[0147] A solution of 6 (2.26 g, 6.04 mmol) and mCPBA (1.66 g, 7.25 mmol) in dichloromethane (30 mL) was stirred for 30 minutes. The reaction was quenched with 10% NaSO3, diluted with ethyl acetate (40 mL), washed with 10% K2CO3 (3×20 mL) and saturated NaCl (10 ml), dried (MgSO4) and evaporated at reduced pressure giving a brown foam. Chromatography (ethyl acetate/methanol, 2%) gave a colorless film. The film was crystallized from ether/hexane giving 7 as a creamy white microcrystalline powder, 1.90 g (81%) (mp 165-166° C., MS 391).

EXAMPLE 3

[0148] Preparation of 3,7-Dichloro-5-isopropoxymethyl-5-trifluoromethyl-5,10-dihydro-benzo[b][1,8]naphthyridine (9);

[0149] The compound 9 was prepared from 7-chloro-5-trifluoromethyl-benzo[b][1,8]naphthyridine 8 using the procedures described above in Methods A-E (mp 137-138° C., MS 392). The synthesis of compound 8 is described in U.S. patent application Ser. No. 09/691,249, filed Oct. 18, 2000 the synthesis of which is hereby incorporated by reference.

EXAMPLE 4

[0150] Preparation of 3,7-Dichloro-5-isopropoxymethyl-5-trifluoromethyl-5,10-dihydro-benzo[b][1,8]naphthyridine 1-oxide (10); was prepared from 9 using the Method F as described above (mp 145-146° C., MS 392).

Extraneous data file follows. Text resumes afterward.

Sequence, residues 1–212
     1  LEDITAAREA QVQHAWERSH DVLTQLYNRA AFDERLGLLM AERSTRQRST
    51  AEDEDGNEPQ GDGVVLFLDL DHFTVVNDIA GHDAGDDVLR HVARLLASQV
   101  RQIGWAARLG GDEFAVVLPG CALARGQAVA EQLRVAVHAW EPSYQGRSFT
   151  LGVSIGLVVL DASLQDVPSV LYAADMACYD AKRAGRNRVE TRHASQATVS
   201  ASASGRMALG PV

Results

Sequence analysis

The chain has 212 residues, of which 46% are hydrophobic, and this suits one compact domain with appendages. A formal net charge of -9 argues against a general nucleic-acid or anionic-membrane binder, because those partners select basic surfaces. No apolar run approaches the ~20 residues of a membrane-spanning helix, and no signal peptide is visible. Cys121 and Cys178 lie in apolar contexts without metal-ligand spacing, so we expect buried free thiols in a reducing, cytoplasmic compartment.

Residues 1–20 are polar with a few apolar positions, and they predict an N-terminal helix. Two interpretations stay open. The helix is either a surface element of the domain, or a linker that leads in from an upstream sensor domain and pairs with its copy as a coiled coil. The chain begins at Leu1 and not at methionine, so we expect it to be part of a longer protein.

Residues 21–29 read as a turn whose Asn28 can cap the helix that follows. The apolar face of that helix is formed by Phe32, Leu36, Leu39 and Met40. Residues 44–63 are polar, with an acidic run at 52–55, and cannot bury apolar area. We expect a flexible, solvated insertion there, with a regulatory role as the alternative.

[0151] The active single enantiomers were isolated by way of chiral HPLC separation was performed using chiral columns which gave the (R) and (S) enantiomers in>99% EE.

EXAMPLE 5

[0152] Preparation of 3-Chloro-5-isopropoxymethyl-5-trifluoromethyl-4a,5,10,10a-tetrahydro-benzo[b][1,8]naphthyridine-7-carbonitrile (12);

[0153] The iodo compound 11a, 7-iodo-5-trifluoromethyl-benzo[b][1,8]naphthyridine, was prepared using the methods described in pending application U.S. Ser. No. 09/691,249, filed Oct. 18, 2000, the methods of which are hereby incorporated by reference, starting with iodoaniline to give 11a. Compound 11b is then prepared using Methods A, B, C, D, and E as described above.

[0154] Method G:

[0155] The solution of the 7-iodo-9-trifluoromethyl-9-isopropoxymethyl-4-azaacridine 11b (0.142 g, 0.295 mmol) in anhydrous toluene (2.0 mL) was degassed and treated with tributyltin cyanide (0.182 g, 0.6 mmol) followed by Palladium tetrakistriphenylphosphine (6.8 mg, 0.02 mmol). The reaction mixture was degassed and set to stir at 125° C. The reaction was found to be over after four hours. It was cooled and partitioned between ethyl acetate and water. The organic layer was washed with brine and then dried over anhydrous magnesium sulfate. It was concentrated and chromatographed (silica gel, 20% ethyl acetate/hexane). The product 12 was obtained as an off white solid (80 mg, 71%).

EXAMPLE 6

[0156] Preparation of 3-Chloro-5-isopropoxymethyl-1-oxy-5-trifluoromethyl-4a,5,10,10a-tetrahydro-benzo[b][1,8]naphthyridine-7-carbonitrile (13); was prepared from 12 using Method F, described above, to give the title compound (MS 398).

EXAMPLE 7